by Larry Kenney, WB9LOZ


....continued from part 13

MAXFRAME: Sets the upper limit on the number of unacknowledged packets the TNC can have outstanding at any time. (The outstanding packets are those that have been sent but have not been acknowledged.) MAXFRAME also determines the maximum number of contiguous packets that can be sent during one transmission. The value can be set from 1 to 7. The best value to use depends on the frequency conditions. The better the conditions are, the higher the value you can use. If conditions are poor due to frequency congestion, noise, or other variables, (shown by lots of retries) MAXFRAME should be reduced to improve throughput. The best value of MAXFRAME is determined through experimentation. MAXFRAME of 1 should be used for best results on HF packet.

MFILTER: This command allows you to enter up to four ASCII character codes, 0 - $7F, for the control characters that you want eliminated from your monitored packets. Codes may be entered in either Hex or Decimal. Here are the ASCII codes for some of the more troublesome control characters found in monitored packets:

   $07    07   Control G  Rings your bell or "beeps" your speaker
   $0C    12   Control L  Form feed - could clear your screen
   $13    19   Control S  Can cause your screen to stop scrolling
   $1A    26   Control Z  Can clear your screen
   $1B    27   Escape     Can cause your cursor to move to a random         
                          point on your screen and can raise havoc          
                          with printer control.

AEA has added a new code, $80, that will not allow ANY control characters to be displayed on the user's screen from monitored packets.

MHEARD: An immediate command that causes the TNC to display a list of stations that have been heard since the command MHCLEAR was given or the TNC was powered on. This command is useful for determining what stations can be worked from your QTH. Stations that are heard through digipeaters are marked with an * on most TNCs. On the AEA PK-232, the stations heard direct are marked with the *. (Check your TNC manual.) The maximum number of stations in the list is 18. If more stations are heard, earlier entries are discarded. Logging of stations heard is disabled when the PASSALL command is ON. (See below.) If the DAYTIME command has been used to set the date and time, entries in the MHEARD list will show the date and time the stations were heard.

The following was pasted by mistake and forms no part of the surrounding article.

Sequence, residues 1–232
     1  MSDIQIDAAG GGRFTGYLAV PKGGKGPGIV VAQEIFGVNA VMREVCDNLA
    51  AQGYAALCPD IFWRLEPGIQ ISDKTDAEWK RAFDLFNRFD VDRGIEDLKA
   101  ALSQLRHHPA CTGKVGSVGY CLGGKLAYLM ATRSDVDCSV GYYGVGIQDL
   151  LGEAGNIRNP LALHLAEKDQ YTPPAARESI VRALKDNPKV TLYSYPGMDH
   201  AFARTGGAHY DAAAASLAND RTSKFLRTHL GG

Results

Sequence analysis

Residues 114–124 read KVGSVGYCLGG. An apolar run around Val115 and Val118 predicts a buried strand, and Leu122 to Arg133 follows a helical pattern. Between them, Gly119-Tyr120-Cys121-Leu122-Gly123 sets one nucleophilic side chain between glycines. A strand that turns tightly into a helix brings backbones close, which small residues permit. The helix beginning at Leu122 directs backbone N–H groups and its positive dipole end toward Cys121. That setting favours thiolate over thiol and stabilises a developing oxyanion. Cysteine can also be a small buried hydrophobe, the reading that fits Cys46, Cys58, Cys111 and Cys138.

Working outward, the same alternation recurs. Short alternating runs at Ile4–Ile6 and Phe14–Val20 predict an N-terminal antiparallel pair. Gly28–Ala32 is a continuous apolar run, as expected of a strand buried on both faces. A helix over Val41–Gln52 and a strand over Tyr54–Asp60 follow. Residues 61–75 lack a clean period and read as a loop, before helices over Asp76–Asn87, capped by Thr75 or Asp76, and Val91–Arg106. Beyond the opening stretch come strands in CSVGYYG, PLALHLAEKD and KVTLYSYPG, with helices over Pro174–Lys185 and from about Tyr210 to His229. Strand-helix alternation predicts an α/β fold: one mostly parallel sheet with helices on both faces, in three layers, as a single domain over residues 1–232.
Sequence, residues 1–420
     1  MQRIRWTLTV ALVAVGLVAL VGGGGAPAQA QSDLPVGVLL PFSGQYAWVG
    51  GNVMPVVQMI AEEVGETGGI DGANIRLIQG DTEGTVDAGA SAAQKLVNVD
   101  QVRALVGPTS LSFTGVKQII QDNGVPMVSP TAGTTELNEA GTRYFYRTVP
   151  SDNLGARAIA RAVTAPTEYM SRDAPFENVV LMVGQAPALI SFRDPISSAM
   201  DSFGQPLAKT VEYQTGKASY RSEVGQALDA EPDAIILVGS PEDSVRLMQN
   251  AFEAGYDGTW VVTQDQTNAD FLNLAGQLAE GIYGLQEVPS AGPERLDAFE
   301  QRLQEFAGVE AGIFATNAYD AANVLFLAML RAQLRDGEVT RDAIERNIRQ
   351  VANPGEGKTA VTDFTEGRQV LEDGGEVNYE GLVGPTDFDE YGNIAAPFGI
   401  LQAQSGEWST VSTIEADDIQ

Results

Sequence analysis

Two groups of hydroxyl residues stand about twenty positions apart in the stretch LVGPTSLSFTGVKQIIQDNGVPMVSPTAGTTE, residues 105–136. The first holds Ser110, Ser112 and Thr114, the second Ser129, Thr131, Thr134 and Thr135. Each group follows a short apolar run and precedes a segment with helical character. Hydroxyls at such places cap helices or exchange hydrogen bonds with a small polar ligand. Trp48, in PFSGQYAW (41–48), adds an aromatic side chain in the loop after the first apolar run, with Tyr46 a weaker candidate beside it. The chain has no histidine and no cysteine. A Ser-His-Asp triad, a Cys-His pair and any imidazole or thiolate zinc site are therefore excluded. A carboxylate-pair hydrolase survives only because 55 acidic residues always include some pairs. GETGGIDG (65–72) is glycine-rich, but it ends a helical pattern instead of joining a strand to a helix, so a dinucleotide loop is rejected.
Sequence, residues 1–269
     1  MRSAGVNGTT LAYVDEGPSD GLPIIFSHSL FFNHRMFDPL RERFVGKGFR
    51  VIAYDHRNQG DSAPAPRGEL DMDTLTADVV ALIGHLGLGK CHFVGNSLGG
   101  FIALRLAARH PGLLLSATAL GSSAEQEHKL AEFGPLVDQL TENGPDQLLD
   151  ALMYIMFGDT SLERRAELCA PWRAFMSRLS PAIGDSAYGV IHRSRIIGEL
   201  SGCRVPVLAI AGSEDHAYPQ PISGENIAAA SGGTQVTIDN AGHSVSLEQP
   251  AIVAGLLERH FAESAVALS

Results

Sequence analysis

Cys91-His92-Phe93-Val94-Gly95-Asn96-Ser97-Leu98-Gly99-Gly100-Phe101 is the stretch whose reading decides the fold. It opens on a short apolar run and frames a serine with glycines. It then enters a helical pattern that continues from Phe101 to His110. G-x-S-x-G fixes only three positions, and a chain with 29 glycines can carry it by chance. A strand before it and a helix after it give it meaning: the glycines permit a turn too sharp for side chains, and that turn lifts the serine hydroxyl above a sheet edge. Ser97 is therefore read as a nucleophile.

PASSALL: Causes the TNC to display packets that have invalid checksums. The error-checking is disabled. If PASSALL is ON, packets are accepted for display, despite checksum errors, if they consist of an even multiple of eight bits and are up to 330 bytes. The TNC attempts to decode the address field and display the callsigns in standard format, followed by the text of the packet. PASSALL can be useful for testing marginal paths or for operation under unusual conditions. PASSALL is normally turned OFF.

PERSIST: Used in conjunction with the SLOTTIME command (see below) to provide less clutter on a busy packet frequency. As more and more TNCs are upgraded to include the PERSIST and SLOTTIME commands, fewer and fewer packet collisions will occur. If you have these commands available in your TNC, you should set DWAIT to 0 and set these commands for use. Note: On some TNCs, such as the PK-232, you have another command that determines whether you use DWAIT or PERSIST/SLOTTIME. It's the PPERSIST command (with 2 P's). Set it ON to use PERSIST/SLOTTIME; set it OFF to use DWAIT. I strongly recommend that you set PPERSIST to ON.